health justice recovery alliance
centering shared values in a coalition with diverse views
Partnering through Shared Core Values
Health Justice Recovery Network (HJRA) is an advocacy organization that supported the implementation of Measure 110, which decriminalized the use and possession of drugs in Oregon. Instead, Measure 110 funded accessible recovery services and community resources to help those most impacted by addiction.
Despite the sensible approach to community harm reduction, Measure 110 made national headlines and divided people from across the political spectrum. Our goal was to messaging and a narrative that could boil the controversy to a human level that everyone could connect with.
Taking a value-first approach to this project helped us create a brand framework that bridged the divide.
visual brand system
Target audience research
A Diverse Coalition with Shared Community Core Values
Strong brands start by understanding their target audience, but HJRA was in a unique position because their target audiences were very diverse at first glance. Their stakeholder groups were composed of a wide variety of medical professionals, policy makers from both political parties, law enforcement, grass-roots community groups, tribal groups and individuals impacted by addiction.
Across this wide array of stakeholders our research elevated shared core values that we could center the branding process around.
Stakeholder Testing a Brand Identity
Once target audiences were defined, rootid set out to rebuild the visual identity.
Through a research process, we found that many community members felt HJRA’s existing brand felt cold and political. It lacked empathy and a sense of hope and energy.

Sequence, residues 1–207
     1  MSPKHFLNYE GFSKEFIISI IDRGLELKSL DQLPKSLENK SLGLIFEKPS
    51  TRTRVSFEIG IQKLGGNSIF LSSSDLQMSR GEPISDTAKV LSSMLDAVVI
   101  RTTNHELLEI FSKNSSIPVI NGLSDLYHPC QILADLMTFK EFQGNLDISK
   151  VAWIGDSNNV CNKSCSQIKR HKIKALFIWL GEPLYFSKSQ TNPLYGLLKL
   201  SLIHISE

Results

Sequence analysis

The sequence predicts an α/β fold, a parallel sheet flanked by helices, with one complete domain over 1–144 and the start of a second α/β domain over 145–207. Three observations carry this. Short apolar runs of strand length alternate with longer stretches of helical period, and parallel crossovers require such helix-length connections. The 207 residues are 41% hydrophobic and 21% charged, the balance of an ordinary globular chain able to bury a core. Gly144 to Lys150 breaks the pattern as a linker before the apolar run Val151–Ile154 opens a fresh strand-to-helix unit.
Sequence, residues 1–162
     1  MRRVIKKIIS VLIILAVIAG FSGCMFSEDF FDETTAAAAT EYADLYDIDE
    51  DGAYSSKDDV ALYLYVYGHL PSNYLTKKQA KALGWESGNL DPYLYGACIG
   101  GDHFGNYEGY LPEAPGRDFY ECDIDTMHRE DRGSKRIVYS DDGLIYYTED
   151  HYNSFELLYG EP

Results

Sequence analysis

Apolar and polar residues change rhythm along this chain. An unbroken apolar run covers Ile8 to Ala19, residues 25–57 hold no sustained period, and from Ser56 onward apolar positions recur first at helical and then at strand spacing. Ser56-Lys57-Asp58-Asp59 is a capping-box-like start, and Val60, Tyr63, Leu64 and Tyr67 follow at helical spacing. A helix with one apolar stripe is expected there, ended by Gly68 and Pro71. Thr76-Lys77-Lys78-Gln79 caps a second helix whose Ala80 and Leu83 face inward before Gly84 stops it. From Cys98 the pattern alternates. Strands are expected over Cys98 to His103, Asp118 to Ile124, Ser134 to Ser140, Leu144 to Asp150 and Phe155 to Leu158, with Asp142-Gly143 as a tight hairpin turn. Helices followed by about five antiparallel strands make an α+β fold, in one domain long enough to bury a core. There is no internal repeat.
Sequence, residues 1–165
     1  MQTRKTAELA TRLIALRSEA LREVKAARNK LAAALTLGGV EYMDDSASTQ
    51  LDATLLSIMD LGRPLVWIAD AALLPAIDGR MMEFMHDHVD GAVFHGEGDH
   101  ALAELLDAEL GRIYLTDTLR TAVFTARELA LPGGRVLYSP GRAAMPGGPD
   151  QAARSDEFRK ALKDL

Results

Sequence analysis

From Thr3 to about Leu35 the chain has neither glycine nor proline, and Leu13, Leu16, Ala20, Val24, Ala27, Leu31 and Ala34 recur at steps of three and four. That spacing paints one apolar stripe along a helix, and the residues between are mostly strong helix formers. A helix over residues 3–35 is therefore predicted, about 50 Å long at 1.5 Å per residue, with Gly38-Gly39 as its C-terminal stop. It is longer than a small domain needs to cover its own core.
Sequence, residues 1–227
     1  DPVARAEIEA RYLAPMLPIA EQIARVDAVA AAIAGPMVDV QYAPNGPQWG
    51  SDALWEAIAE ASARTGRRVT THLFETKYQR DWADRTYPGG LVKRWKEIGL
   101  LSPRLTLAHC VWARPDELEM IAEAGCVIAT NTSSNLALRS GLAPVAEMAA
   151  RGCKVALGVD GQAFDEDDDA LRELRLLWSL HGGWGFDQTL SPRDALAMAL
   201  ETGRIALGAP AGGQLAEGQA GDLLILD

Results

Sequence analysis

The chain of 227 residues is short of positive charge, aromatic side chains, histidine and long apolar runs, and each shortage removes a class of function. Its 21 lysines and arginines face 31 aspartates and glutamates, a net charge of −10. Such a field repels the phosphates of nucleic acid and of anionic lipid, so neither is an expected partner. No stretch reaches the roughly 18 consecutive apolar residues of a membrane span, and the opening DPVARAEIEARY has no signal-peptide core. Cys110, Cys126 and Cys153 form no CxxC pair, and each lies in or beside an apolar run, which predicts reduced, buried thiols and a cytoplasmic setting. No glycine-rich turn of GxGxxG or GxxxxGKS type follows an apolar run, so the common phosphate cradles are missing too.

Rather than build off of the existing visual brand, rootid struck out in a number of directions to explore different visual languages using moodboards. This exercise allowed us to explore areas that were more reflective of the community and the work that HJRA did.
The moodboards created a visual foundation to start the logo design process. As our team created logo options, we sought community input to help refine the logo that is used today.
With our target audiences identified, rootid’s team started developing segmented key messaging for each group. The messaging was revised and finalized through a series of message testing sessions with representative stakeholders.
This messaging was later utilized in our content strategy process as we developed the website content.
Visual Storytelling with Infographics
The story of addiction and the harm that it has done to communities is a powerful one. But, in this day and age, nobody will sit down to read a 10 minute post about the challenges, causes and solutions.
Instead, rootid worked with HJRA to develop a series of infographics that would tell the story graphically. The series included 11 graphics that told a story that was supported with statistics and data.
In addition to including these on the HJRA website, our design team made them available as social graphics as well.
Website Visual Design Overhaul
Though HJRA’s website didn’t reflect the new visual brand, our development team assessed that the underlying website technology and code was well-built. There was no need to start from scratch.
rootid’s web design team utilized existing web components as wireframes and updated the visual design to match the new HJRA visual brand. Through a relatively low-touch process, our team was able to deliver a “new” website quickly without a huge investment.
brand style guide
Building a Brand System
One of the most challenging parts of building a new brand is ensuring that the organization is consistent with the application of the new brand and messaging. Furthermore, organizations have ambassadors that are important spokespeople for your work. How do you get everyone on the same page?
In this case, rootid developed a brand style guide that was easy to navigate and could provide a clear set of tools for individuals to stay on the same page.
We made the style guide an editable document so that overtime HJRA could continue to make adjustments as the brand evolved and they learned more from testing marketing materials.